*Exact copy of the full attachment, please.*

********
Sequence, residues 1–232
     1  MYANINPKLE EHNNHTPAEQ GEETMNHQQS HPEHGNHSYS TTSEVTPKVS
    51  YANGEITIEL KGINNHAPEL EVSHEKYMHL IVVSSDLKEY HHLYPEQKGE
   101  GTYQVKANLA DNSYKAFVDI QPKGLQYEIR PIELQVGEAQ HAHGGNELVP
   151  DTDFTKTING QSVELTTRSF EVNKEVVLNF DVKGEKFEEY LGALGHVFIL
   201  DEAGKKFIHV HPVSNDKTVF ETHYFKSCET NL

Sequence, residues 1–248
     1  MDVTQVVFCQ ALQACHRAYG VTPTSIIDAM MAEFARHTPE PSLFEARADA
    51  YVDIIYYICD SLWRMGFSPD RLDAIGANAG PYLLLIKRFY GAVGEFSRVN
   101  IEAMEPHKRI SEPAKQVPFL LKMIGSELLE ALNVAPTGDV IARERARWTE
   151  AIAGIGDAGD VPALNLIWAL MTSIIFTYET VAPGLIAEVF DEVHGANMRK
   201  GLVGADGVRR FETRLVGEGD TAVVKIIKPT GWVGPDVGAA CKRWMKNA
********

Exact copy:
Sequence, residues 1–232
     1  MYANINPKLE EHNNHTPAEQ GEETMNHQQS HPEHGNHSYS TTSEVTPKVS
    51  YANGEITIEL KGINNHAPEL EVSHEKYMHL IVVSSDLKEY HHLYPEQKGE
   101  GTYQVKANLA DNSYKAFVDI QPKGLQYEIR PIELQVGEAQ HAHGGNELVP
   151  DTDFTKTING QSVELTTRSF EVNKEVVLNF DVKGEKFEEY LGALGHVFIL
   201  DEAGKKFIHV HPVSNDKTVF ETHYFKSCET NL

Sequence, residues 1–248
     1  MDVTQVVFCQ ALQACHRAYG VTPTSIIDAM MAEFARHTPE PSLFEARADA
    51  YVDIIYYICD SLWRMGFSPD RLDAIGANAG PYLLLIKRFY GAVGEFSRVN
   101  IEAMEPHKRI SEPAKQVPFL LKMIGSELLE ALNVAPTGDV IARERARWTE
   151  AIAGIGDAGD VPALNLIWAL MTSIIFTYET VAPGLIAEVF DEVHGANMRK
   201  GLVGADGVRR FETRLVGEGD TAVVKIIKPT GWVGPDVGAA CKRWMKNA